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Full text of "Rapid Population Growth Consequences And Policy Implications"

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tion level is reached with respect to the per capita consump-i item, population growth of course becomes the dominant >es changes in the aggregate volume of the associated waste-es. Passenger cars per head, for instance, in some countries are ;uration levels.
elasticity of demand for living space, travel, space-intensive , perhaps, solitude and unspoiled nature is demonstrably high on of present trends in income and population is bound to asingly felt scarcities of "nature" and "space," qualities for ;rior substitutes will be available.
tional money measures of income will tend to be considered elevant as a reflection of welfare in a broader sense. The grow-
of the organizational setup required to ensure the high income wing population imposes psychic, social, and political costs-aspect to privacy, a sense of individual identity, aesthetic satis-om from control and excessive regulation, and other related
that the required growing complexity of the economy and of nization in general will tend to render the system increasingly adden technological and organizational breakdowns and/or will > of insuring against such breakdowns increasingly heavy. It is .t uncertainty concerning the long-term implications of the idjustments needed to accommodate a growing population at jvels will continue to be present, and the likelihood that such ill cause unforeseen, irreversible, and undesired consequences, iological environment, will become increasingly stronger. ' necessary to underscore that the points outlined above are e. Little systematic thought has thus far been devoted to ex-jntual consequences in countries that have effectively escaped . of the Malthusian trap of long-term economic growth while is at a level that results in positive rates of demographic insult, the economic prospects for the technologically advanced the share of population growth in shaping those prospects, :iently understood.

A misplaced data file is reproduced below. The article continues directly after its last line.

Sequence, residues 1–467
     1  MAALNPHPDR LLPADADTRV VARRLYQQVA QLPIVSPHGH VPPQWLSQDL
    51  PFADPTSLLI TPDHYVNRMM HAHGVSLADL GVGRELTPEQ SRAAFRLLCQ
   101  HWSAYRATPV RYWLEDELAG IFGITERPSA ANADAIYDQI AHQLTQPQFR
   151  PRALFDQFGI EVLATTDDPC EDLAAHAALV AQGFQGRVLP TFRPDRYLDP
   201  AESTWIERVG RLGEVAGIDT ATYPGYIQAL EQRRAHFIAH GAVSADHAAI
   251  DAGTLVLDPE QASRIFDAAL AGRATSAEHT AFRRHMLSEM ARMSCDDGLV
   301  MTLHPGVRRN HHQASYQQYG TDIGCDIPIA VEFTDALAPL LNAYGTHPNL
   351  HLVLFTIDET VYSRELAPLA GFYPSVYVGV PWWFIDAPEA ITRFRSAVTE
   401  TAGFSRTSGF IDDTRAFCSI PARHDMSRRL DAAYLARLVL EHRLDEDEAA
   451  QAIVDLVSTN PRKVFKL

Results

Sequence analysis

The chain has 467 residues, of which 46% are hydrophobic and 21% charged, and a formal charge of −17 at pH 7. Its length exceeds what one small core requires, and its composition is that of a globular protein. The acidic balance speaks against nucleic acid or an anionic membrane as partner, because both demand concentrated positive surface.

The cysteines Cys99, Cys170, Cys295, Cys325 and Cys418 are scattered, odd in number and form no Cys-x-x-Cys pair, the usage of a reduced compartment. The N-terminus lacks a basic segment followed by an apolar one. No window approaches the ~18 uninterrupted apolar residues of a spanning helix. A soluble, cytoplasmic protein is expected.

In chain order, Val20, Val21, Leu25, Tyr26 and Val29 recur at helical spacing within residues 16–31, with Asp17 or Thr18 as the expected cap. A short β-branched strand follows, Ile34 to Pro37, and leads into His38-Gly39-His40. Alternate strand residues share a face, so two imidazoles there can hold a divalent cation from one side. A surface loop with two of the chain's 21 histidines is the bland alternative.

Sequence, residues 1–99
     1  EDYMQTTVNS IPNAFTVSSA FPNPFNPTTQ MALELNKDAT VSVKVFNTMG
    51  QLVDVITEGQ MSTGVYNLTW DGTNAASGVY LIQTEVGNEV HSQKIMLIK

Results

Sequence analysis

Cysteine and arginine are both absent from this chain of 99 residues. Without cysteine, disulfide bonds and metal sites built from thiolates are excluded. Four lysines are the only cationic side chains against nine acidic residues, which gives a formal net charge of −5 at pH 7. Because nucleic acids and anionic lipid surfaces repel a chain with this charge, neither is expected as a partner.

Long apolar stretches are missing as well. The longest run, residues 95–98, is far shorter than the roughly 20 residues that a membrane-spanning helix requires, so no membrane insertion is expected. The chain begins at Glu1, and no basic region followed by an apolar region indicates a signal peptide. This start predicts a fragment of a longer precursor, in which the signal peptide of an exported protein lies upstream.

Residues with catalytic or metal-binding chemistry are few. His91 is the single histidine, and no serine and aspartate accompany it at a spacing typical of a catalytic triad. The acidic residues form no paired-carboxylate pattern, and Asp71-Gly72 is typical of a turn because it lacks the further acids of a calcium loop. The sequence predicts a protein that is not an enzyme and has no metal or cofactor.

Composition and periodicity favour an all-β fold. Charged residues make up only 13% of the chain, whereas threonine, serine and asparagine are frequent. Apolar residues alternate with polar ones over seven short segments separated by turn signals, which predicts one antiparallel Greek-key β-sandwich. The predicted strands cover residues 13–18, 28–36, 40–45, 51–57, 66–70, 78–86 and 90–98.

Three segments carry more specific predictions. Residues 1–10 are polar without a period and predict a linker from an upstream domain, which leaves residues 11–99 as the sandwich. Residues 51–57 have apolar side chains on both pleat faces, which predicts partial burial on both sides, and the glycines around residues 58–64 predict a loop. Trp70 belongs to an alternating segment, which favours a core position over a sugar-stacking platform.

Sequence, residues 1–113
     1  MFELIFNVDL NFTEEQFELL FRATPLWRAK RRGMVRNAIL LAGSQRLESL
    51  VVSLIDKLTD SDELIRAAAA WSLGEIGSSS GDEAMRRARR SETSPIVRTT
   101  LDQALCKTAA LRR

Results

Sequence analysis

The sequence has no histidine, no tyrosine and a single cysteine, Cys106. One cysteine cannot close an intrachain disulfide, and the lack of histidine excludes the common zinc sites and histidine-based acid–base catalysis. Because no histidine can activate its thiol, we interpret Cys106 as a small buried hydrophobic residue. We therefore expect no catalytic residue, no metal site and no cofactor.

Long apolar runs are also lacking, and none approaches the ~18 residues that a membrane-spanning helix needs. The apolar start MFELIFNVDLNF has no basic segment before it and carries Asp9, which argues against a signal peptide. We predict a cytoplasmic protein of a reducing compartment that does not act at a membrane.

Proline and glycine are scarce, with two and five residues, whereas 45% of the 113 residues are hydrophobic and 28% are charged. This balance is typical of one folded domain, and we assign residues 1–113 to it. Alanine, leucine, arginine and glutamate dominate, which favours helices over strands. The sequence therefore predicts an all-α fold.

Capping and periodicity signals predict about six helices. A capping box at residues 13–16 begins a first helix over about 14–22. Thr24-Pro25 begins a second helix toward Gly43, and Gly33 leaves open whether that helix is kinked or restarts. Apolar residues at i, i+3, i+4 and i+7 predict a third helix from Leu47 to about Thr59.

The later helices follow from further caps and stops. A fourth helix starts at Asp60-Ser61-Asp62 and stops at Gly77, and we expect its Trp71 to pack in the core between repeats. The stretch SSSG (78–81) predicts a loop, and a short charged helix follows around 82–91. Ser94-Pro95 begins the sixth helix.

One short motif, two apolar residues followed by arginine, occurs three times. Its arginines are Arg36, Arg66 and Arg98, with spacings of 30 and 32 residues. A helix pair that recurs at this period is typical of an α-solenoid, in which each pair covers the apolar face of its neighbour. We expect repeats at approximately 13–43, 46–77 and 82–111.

ing section reviewed the arguments concerning the net eco-at would be expected to result from a decline of fertility. It hese arguments that if a decline does take place spontaneously, should be welcomed on economic grounds. It is now legitimate his proposition and make an economic case for an active policy icing such a decline? Only too often the answer is taken as to reappear, ironically, in the reverse form of the classical resource problems, i.e., as problems of disposing of a wide range of waste by-products. The pollution of the environment that results, and the costs of coping with such pollution, tend to increase more than proportionately and often discontinuously as the volume of discharge increases. The point is not that population growth is alone or even primarily responsible for the appearance of such problems but merely that the size of a problem for any given income level tends to be at least proportionate to population size. Once a